Different ciliate group (aloricate ciliates, tintinnids, and total ciliates) abundances had different correlation with environment factors (depth, temperature, salinity, and Chl a) (Table 3). The total ciliate abundance had a positive correlation with temperature and Chl a in vivo fluorescence, but negative correlation with depth over the three seamounts (Table 3). Ciliate abundance had negative correlation with salinity over Yap and Caroline seamounts, but a positive correlation over Mariana seamount. Aloricate ciliate and tintinnid abundance had significant positive correlation with temperature over the three seamounts (Table 3). Over Mariana seamount, aloricate ciliate and tintinnid had significant positive correlation with salinity, while it changed into a significant negative correlation over Caroline seamount (Table 3). Tintinnid abundance over Yap, Mariana, and Caroline seamounts had significant positive correlation with Chl a (Table 3).

Table 3 Spearman's rank correlation between the planktonic ciliate abundance and depth, temperature, salinity, and chlorophyll a (Chl a) in vivo fluorescence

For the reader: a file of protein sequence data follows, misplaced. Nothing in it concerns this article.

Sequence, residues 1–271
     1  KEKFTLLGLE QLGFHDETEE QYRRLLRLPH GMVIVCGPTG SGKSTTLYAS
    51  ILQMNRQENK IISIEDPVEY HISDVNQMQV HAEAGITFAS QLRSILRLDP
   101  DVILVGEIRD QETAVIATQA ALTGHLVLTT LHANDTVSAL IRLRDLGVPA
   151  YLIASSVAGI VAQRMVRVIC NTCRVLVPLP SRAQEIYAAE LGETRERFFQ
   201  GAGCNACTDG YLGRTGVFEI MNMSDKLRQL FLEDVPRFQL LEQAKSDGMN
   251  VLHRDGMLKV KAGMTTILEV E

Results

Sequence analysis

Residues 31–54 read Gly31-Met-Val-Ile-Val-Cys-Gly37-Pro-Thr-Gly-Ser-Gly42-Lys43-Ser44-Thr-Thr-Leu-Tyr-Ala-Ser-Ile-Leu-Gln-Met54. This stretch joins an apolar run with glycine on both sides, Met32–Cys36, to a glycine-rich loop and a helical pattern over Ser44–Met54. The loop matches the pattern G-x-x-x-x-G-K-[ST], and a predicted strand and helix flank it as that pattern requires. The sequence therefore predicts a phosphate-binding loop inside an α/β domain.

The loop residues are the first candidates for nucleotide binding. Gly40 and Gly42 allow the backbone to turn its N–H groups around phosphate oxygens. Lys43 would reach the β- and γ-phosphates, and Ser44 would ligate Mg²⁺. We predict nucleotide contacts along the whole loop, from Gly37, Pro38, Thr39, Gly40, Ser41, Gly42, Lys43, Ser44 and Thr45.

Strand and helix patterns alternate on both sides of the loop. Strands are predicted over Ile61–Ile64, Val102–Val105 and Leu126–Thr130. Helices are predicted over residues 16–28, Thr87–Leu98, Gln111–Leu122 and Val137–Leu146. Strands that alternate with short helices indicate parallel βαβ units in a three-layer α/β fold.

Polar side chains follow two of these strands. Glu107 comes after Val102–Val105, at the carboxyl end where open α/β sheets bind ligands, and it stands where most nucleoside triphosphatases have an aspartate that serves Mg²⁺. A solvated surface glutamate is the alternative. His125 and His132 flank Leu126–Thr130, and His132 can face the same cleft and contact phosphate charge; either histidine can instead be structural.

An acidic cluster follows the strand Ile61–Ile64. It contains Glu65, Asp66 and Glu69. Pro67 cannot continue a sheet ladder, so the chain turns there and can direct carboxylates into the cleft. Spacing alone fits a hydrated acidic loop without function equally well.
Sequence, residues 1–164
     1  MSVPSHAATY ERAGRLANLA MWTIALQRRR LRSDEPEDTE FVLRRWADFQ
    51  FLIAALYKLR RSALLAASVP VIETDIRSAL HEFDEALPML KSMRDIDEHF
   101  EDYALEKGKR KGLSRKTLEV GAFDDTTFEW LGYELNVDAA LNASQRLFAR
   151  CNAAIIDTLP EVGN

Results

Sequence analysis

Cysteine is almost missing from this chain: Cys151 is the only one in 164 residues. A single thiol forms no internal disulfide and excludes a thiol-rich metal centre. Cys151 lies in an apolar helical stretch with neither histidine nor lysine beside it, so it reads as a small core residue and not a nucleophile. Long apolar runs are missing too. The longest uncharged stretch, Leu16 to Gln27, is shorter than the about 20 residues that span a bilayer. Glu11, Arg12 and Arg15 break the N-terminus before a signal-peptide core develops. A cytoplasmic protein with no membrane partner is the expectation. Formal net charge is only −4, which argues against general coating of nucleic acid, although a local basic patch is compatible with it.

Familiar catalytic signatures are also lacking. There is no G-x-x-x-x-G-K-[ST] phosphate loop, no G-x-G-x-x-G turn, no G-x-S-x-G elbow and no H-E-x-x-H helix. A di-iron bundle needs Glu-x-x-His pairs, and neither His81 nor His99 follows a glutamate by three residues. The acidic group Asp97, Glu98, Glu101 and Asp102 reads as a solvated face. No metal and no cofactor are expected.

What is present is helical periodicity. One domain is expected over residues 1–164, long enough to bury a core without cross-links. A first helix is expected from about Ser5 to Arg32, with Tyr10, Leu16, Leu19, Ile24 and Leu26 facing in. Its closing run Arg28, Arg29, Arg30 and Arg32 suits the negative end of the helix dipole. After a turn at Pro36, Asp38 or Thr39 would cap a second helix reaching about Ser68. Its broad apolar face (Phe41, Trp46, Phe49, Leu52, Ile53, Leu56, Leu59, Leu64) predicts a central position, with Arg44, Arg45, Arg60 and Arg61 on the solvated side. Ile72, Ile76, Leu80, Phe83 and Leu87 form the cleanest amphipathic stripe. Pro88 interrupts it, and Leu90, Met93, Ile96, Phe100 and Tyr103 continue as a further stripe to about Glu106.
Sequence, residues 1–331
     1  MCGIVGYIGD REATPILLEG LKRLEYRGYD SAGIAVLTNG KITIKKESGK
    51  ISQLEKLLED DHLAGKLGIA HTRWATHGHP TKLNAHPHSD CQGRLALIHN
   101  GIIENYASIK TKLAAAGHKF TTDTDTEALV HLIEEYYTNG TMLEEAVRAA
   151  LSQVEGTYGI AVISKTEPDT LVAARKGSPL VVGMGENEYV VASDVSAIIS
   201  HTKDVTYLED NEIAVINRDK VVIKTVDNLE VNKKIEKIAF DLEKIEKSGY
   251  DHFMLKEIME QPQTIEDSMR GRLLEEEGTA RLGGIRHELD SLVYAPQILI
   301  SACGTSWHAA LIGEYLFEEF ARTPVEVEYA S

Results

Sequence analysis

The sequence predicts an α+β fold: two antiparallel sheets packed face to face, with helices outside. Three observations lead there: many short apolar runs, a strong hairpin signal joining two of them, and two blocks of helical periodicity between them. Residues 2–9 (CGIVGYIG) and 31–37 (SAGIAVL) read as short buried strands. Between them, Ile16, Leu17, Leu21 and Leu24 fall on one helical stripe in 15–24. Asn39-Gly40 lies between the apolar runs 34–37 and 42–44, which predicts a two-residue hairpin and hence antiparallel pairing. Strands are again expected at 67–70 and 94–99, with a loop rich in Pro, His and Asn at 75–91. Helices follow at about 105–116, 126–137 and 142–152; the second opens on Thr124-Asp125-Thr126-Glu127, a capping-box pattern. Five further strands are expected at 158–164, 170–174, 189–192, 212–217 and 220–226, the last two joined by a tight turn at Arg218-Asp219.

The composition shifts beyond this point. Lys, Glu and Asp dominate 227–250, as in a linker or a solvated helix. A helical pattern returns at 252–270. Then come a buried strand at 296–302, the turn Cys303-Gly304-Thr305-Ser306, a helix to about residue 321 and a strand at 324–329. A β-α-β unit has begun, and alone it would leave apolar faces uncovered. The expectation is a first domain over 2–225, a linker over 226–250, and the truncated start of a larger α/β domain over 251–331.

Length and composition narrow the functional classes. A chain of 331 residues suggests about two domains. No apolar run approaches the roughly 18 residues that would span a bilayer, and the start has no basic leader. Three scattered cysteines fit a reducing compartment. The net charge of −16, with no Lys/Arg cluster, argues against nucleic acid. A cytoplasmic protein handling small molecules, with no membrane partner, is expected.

The ciliate vertical distribution patterns were the same over three seamounts with abundance peaks in surface and DCM layers. The food items of the ciliate might be the reason for the two groups: Prochlorococcus and picoeukaryotes had maximum abundance in DCM, Synechococcus and heterotrophic bacteria had maximum abundance in upper 50-m depth (Zhao et al., 2017, 2020).

Although ciliates trait structure was proposed by previous studies (Kršinić, 1982; Dolan et al., 2016; Yu et al., 2016; Wang et al., 2020), there were few studies on their variations. The variations of size classes and tintinnid proportion were compared through a large space scale in the Arctic, Subarctic, and tropical waters (Wang et al., 2020). The present study contributed to the study on ciliate trait structure variations in the tropical waters with different hydrological conditions.

4.1 Large ciliates in the surface layer over waters with shallow DCM depth